The Turkish Armed Forces  have attacked the Kurdish militia YPG and the overall Syrian Democratic Forces (SDF) in northern Syria, between April 24 and 26. These attacks consisted in air strikes and artillery fire and were conducted in response to the SDF’s offensive against Da’esh in Raqqa. Turkey fears the SDF’s increasing warfighting capabilities and territorial foothold. 

1. The YPG-led SDF supported by the United States’ Combined Joint Task Force Operation “Inherent Resolve” (CJTF-OIR) are close to isolating the Da’esh self-proclaimed capital, Raqqa, from all sides. The Raqqa offensive has been heavily contested by Turkey which sees Washington’s support for the SDF as a direct threat to its national security due to the YPG’s link with the PKK – a Kurdish Marxist terror group engaged against Turkey since 1984.  2. Turkey has thrown its own bid for a Raqqa offensive which involved the “Euphrates Shield” opposition groups with limited Turkish armored and special operations forces support. However, the United States has declined the offer and continued the partnership with the SDF.  3. Fearing SDF enhanced capabilities and growing territorial control on its borders, Turkey attacked seven YPG positions in Syria and several other PKK positions in Iraq. 


Universal Awareness Live Map – Syria screenshot with T-Intelligence notes pinpointing the Turkish attacks.

  1. Qerecox mountain, Hasakha. Turkish Air Force bombed an YPG command and control center, destroying a broadcast antenna and killing the press officer.   
  2. Rumeilan airbase. Turkish Air Force bombed YPG cargo, with U.S. forces in “danger close” proximity of the raid. 
  3. Ferferik, (Afrin) Aleppo. Turkish artillery shells hit YPG/ SDF positions. 
  4. Rajo district, (Afrin) Aleppo. Turkish artillery shells YPG positions.
  5. (Afrin) Aleppo. Turkey and YPG exchange mortar fire.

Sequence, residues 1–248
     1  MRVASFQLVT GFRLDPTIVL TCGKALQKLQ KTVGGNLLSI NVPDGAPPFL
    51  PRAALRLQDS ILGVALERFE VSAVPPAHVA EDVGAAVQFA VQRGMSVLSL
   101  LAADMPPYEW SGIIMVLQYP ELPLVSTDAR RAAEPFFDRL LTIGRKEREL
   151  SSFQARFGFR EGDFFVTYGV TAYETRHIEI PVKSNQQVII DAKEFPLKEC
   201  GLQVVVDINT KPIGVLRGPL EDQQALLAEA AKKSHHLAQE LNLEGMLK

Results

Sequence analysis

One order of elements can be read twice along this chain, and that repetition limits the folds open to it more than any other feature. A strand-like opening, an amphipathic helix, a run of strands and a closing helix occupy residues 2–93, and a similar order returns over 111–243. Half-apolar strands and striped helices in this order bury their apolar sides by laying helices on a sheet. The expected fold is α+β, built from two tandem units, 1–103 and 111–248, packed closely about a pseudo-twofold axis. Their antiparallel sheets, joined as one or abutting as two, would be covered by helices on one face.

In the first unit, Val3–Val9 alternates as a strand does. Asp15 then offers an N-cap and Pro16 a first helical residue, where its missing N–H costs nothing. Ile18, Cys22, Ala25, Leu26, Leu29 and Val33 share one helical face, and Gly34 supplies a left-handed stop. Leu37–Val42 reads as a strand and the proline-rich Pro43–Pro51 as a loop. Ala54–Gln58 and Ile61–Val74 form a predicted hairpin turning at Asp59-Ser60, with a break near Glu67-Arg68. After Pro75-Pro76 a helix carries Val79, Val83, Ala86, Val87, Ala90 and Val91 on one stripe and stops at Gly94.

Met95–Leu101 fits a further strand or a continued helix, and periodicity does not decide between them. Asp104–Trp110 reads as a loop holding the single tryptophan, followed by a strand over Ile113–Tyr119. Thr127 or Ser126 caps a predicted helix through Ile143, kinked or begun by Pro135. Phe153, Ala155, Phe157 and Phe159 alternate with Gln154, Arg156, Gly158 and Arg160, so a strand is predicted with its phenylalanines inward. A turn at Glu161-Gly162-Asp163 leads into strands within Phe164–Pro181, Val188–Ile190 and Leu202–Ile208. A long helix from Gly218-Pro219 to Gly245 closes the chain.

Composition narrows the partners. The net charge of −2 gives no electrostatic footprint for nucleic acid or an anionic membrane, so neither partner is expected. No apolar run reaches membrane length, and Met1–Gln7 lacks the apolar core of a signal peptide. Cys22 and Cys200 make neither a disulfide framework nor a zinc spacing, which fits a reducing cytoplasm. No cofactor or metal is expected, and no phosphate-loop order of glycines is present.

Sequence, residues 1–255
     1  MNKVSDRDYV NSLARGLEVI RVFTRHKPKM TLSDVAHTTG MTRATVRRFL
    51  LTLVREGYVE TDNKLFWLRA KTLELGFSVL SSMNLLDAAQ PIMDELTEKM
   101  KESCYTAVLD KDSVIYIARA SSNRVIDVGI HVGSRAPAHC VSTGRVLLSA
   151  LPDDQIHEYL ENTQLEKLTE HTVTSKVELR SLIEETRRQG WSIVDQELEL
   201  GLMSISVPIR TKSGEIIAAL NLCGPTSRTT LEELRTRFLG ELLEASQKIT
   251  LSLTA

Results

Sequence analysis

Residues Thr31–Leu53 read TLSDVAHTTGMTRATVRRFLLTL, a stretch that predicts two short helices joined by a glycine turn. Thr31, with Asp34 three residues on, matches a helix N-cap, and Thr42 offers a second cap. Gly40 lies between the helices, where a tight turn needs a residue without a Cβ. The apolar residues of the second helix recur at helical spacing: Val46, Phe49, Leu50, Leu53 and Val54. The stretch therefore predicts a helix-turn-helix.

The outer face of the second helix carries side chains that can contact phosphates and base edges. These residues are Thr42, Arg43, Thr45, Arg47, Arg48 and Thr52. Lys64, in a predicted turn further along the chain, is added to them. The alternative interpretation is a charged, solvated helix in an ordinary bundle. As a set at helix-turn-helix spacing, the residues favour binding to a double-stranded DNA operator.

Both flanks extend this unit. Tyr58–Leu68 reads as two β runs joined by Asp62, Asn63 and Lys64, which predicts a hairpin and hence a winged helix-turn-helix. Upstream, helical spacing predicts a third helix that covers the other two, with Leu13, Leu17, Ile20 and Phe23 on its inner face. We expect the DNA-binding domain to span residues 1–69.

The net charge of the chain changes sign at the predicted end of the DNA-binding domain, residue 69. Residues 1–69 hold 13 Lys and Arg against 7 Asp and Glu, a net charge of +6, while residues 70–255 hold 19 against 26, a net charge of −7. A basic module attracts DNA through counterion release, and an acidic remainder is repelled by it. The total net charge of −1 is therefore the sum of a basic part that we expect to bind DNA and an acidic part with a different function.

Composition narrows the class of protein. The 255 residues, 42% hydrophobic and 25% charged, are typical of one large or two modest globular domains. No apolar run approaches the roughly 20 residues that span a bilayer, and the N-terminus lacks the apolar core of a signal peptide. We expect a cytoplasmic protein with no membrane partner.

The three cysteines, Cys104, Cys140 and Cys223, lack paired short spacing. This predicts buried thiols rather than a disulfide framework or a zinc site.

6. Tel Rifat, Aleppo. Turkey-backed O-ES forces and YPG exchange artillery fire.
  7. Dirbesiye, Hasakha. YPG fire at the Turkish tank deployment near the borderline.

4. The situation The Turkish General Staff justified its actions in a statement today, saying they were intended to prevent PKK members from funneling “terrorists, arms, ammunition and explosives to Turkey.” They have also hit targets in mount Sinjar, where the KRG’s Pashmerga is clashing with the PKK.


5. At least two U.S. AH-64 Little Birds were filmed landing on Qerecox mount, Hasakha province to inspect the damage. Hundreds of Syrian Kurds rallied to protest the Turkish attacks and to plea the US to take measures against it.


Location of Turkish Air Force strike on YPG office near Qaratshuk (geolocation conduced by T-Intelligence based on openly available footage)

6. According to Al-Monitor, officials from the US-led Coalition familiar with the details of the strikes said Turkish officials had informed the United States of its plans before they were executed. Turkey had sought to coordinate the strikes with the Qatar-based Combined Air Operations Center (CAOC), which controls and commands the U.S. air campaigns in Syria and Iraq, among others, with Coalition partners. According to one of the officials, “CAOC turned them down.” Turkey went ahead with the strikes anyway.

7. The consequences of these Turkish raids could be devastating for the Raqqa Offensive. The YPG/SDF are now demoralized, and could shift their attention from the Battle of Tabqa, Raqqa operation, towards the Turkish attacks and the border cities, therefor lowering the pressure on Da’esh. Furthermore, this could affect the Kurdish-American cooperation, due to expected pressure from the YPG to the later, requesting to deter Turkey’s attacks.

8. The United States has limited leverage to stop Turkey’s attacks on YPG/SDF. Moreover, the U.S. air campaign against Da’esh is dependent on the strategic NATO Incirlik Airbase located on Turkish territory. While U.S. engineers have built tactical airfields in northeastern Syria to support the air campaign against Da’esh, none of them can substitute Incirlik in terms of size, logistics and security. The tactical airfields in Syria are mostly used by heavy lifters for supplying troops on the ground. 

9. The United States will maintain the fragile status quo between Turkey, its NATO ally, and the SDF, its counter-Da’esh partner at all costs. To appease Turkey, U.S. diplomatic efforts are vital to counter-balance the Department of Defense process of boosting arms transfers to the SDF given the impeding assault on Raqqa city. 

Bonus: Turkish air strike on PKK targets in northern Iraq

Founder of T-Intelligence. OSINT analyst & instructor, with experience in defense intelligence (private sector), armed conflicts, and geopolitical flashpoints.